The last story was just straight up horror and reminded me of 'Tales from the crypt'.
Highly recommended collection, especially for those that like their humour pitch black.
Read by candlelight or flashlight: Harry Potter and the Chamber of Secrets - J.K Rowling
Witches: Witch Island - David Bernstein
Black Cat: Black Cat Mojo - Adam Howe
Diverse Authors can be Spooky Fun: Poisoning Eros - Wrath James White
Ghost Stories and Haunted Houses:
Young Adult Horror: Murder of Crows - Anne Bishop
Scary Women (Authors):
Reads with (Booklikes) Friends:
Grave or Graveyard: Graveyard Blues - Reina Salt
Genre: Mystery: Disclaimer - Renee Knight
Free Square: Gilded Needles - Michael McDowell
'Fall' into a good book: Falling Angel - William Hjortsberg
Locked Room Mystery:
It was a dark and stormy night: The Rain Dancers - Greg F. Gifune
Set in New England:
Vampires vs. Werewolves: Written in Red - Anne Bishop
Classic Horror: The Monkey's Paw - W.W. Jacobs
Set on Halloween:
Pluto---this was the cat's name---was my favorite pet and playmate.
With this in my collection, I felt obligated to read it for Bingo :)
This short story is a doozie for animal lovers, especially cat ones. Our leader through this madness states he has an "illness". As you read along, it seems to be a mixture of self-loathing and depression with alcoholism the symptom and pushing the progression of his deterioration.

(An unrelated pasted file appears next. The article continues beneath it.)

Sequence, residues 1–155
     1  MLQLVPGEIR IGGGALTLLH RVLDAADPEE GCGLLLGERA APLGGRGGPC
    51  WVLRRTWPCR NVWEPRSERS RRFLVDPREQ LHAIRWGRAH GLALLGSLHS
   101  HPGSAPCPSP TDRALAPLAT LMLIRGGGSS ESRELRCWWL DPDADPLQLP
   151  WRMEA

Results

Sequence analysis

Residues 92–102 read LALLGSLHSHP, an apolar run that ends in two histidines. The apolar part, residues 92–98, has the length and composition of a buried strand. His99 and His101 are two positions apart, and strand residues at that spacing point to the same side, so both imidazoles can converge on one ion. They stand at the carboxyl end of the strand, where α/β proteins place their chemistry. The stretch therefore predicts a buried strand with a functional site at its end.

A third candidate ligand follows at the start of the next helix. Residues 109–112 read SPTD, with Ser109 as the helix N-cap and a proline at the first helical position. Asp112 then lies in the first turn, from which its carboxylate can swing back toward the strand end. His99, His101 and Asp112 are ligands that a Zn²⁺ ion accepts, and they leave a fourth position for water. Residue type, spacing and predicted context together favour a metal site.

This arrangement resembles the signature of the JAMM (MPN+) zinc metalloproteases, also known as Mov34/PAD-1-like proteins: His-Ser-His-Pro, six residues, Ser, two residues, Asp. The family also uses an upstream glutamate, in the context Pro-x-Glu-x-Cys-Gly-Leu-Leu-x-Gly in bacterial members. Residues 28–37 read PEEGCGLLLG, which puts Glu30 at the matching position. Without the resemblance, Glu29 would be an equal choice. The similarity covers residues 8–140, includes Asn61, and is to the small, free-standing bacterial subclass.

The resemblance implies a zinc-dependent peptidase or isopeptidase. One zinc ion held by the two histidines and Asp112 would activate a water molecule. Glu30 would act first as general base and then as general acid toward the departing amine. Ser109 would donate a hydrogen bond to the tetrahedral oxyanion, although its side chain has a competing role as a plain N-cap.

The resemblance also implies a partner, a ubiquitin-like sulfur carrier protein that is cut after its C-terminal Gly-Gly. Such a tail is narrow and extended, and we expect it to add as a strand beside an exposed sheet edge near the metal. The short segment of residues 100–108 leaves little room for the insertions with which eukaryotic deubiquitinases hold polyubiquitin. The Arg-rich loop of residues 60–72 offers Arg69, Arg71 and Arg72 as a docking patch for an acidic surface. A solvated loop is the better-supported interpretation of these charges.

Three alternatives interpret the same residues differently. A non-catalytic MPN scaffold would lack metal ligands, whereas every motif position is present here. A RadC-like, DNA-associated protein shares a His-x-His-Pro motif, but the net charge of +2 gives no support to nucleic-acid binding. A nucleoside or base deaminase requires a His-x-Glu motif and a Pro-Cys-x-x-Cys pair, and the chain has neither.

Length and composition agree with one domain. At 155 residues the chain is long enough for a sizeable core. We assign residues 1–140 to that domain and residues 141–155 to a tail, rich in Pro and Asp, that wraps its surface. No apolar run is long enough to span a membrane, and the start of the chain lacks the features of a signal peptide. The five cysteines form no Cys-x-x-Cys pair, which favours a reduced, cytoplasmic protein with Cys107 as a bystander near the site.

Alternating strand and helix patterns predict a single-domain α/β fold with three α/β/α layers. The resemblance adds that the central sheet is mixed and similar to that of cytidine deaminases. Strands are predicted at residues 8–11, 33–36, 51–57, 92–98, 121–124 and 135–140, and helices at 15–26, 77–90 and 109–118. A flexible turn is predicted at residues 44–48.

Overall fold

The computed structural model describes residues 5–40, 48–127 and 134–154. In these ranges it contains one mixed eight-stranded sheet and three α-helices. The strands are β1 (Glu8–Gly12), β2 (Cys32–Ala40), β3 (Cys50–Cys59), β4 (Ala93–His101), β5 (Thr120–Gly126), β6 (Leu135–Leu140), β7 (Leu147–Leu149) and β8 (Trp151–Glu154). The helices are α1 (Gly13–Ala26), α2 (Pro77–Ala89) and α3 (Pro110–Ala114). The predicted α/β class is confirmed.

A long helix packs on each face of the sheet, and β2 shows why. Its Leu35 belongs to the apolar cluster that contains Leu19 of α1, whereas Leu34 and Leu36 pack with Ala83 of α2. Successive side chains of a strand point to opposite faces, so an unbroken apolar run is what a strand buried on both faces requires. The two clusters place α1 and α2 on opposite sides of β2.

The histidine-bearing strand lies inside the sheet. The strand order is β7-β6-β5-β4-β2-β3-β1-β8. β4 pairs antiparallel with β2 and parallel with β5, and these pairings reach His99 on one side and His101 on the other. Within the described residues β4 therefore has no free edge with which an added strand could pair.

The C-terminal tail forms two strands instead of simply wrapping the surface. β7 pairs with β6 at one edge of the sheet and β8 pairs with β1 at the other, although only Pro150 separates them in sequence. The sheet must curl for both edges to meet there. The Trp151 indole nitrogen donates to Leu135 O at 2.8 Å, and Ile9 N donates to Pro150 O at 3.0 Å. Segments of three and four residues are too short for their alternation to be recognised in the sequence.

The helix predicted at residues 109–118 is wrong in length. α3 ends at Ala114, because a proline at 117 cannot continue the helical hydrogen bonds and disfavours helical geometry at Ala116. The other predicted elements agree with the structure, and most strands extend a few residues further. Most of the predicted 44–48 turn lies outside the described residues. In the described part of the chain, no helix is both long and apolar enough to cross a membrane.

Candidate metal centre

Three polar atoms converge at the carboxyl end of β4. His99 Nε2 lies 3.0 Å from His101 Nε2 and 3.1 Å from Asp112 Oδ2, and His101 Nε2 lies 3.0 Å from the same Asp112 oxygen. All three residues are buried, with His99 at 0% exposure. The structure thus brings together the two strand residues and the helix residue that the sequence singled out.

I didn't know what to expect and was firmly along with the guy at this quote:
To those who have cherished an affection for a faithful and salacious dog, I need hardly be at the trouble of explaining the nature or the intensity of the gratification thus derivable.
Love my doggies. Things, uh, quickly went off the rails though...
I took from my waistcoat pocket a pen-knife, opened it, grasped the poor beast by the throat, and deliberately cut one of its eyes from the socket!
Have we not a perpetual inclination, in the teeth of our best judgment, to violate that which is Law, merely because we understand it to be such?
No dude, healthy, in body and mind, people generally do not strongly feel this way. Or if they do, they sign up for boxing classes or eat cookie dough.
I was not expecting the ending and kind of had a "Well, that escalated quickly." moment.